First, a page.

Fighter hits out against knockers
MEET Ben Pepper.
He studies Sports Science and Medicine at the University of Queensland.
And he is a fighter – Mixed Martial Arts style.
Mr Pepper, 22, originally of Lismore, is one of a growing band of martial artists who have taken to the hybrid sport.
He started taekwondo at eight, boxed in his early teens, then practised kickboxing, Muay Thai and ground wrestling before taking up the newest style – MMA.
On March 27 he will enter the cage as part of Tapout’s Underground MMA fight night.
The event, to be held at the Lismore Workers Club, has raised much ire in the region since The Northern Star announced it last Wednesday.
One Workers Club member, Lismore councillor Simon Clough, has handed in his membership in protest, accusing the community-based club of allowing the use of its premises to ‘encourage the blood sport’.
Mr Pepper, like many supporters of the sport, believes MMA is unjustly frowned upon.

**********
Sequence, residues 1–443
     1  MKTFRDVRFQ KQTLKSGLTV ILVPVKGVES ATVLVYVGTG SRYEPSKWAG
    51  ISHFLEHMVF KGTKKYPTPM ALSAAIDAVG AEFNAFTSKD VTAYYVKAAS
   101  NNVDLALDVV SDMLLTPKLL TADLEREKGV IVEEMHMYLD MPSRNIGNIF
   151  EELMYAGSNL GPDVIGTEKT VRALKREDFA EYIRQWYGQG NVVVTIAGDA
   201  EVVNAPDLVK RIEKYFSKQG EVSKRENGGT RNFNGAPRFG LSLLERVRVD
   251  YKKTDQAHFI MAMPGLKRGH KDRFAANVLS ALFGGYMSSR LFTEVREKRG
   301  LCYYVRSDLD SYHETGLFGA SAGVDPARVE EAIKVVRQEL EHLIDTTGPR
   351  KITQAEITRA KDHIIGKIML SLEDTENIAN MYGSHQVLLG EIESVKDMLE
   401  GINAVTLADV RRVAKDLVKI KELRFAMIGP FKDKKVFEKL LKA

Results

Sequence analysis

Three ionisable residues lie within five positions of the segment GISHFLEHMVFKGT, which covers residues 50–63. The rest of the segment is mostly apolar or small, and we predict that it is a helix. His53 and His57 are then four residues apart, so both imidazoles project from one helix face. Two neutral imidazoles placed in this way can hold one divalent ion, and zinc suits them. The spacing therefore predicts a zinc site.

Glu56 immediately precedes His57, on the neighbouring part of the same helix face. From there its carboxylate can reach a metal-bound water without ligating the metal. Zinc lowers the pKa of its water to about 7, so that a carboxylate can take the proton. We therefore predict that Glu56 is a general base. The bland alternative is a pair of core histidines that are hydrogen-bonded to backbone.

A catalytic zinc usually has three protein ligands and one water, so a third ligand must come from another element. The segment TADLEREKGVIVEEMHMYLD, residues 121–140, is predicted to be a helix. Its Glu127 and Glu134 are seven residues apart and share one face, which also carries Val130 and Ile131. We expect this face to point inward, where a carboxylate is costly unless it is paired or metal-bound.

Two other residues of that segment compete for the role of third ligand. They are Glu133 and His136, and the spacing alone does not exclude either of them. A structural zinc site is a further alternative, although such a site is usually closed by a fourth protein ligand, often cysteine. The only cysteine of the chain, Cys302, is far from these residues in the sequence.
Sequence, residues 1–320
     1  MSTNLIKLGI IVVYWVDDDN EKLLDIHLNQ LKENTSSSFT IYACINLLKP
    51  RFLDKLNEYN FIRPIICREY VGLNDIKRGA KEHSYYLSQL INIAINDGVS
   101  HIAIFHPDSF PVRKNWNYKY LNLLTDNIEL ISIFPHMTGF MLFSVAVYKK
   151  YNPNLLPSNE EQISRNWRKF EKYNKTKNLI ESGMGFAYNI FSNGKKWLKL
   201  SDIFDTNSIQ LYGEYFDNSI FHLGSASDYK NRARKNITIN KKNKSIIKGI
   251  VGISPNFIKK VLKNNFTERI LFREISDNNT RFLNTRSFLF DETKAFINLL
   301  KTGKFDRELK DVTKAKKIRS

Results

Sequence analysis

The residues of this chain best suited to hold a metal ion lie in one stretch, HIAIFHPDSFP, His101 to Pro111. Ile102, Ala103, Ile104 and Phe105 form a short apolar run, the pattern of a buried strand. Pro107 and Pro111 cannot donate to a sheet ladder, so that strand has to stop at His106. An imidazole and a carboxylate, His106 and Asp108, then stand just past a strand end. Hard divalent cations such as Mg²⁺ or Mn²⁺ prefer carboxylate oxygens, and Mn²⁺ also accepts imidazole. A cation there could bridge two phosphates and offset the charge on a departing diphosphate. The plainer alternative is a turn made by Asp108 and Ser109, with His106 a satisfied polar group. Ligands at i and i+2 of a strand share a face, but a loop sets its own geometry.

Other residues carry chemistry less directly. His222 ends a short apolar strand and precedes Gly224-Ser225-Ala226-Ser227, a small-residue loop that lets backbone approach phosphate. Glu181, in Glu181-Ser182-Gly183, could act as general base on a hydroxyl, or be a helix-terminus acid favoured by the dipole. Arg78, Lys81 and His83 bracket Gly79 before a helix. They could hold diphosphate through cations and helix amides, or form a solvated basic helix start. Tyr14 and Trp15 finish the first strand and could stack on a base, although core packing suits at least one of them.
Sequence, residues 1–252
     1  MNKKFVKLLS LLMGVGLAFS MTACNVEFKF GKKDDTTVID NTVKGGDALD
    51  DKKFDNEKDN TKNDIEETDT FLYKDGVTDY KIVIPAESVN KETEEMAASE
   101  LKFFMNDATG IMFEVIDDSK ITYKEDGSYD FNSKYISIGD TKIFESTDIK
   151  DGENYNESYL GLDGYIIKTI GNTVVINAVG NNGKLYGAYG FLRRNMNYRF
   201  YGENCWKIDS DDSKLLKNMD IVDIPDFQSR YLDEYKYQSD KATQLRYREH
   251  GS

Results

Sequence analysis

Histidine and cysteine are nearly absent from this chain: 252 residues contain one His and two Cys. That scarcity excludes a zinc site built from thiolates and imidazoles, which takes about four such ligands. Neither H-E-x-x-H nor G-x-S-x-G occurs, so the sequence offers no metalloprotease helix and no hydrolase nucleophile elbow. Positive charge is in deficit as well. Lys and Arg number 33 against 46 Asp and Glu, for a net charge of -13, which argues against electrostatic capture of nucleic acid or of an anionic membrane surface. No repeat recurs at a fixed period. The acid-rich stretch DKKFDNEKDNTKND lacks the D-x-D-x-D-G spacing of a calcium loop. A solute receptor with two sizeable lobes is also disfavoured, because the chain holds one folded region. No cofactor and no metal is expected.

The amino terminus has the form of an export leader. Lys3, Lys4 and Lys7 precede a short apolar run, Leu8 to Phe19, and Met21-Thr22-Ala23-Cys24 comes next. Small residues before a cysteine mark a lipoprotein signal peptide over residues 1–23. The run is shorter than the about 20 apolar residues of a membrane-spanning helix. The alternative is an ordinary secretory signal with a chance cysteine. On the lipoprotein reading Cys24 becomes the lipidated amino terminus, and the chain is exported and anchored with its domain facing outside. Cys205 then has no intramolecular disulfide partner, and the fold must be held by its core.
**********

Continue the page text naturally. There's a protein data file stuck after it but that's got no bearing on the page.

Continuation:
And like the other supporters, he uses rival mainstream sports as a yardstick for his own.
“I can’t believe some people are pro-boxing but think MMA is more malicious,” Mr Pepper said.
“People need to be better informed.”
Mr Pepper points out that in his sport, if either fighter suffers concussion the fight is stopped.
“In boxing, as long as you can stand up within 10 seconds of getting knocked over, you can fight on with concussion,” he said.
And while the four-ounce gloves used in MMA may be viewed as insufficient protection from flying knuckles, Mr Pepper believes he is better served in the ring than a veteran boxer.
“The 12-ounce gloves worn in boxing promote long-term injury,” he said.
“While they make it harder to open a cut, they also allow boxers to take much more of a battering.”
Mr Pepper was the operator of Rings Gym in Lismore until last year when he sold his interest to move to Brisbane and study.
He hopes that his studies will help him to further understand the mechanics of the body as he looks to forge a career in the fight game.
The 12-ounce gloves used in boxing are softer, but ultimately can cause more damage than the light gloves used in MMA.
MMA bouts are much shorter, comprising three, five-minute rounds compared with boxing’s 12, three-minute rounds.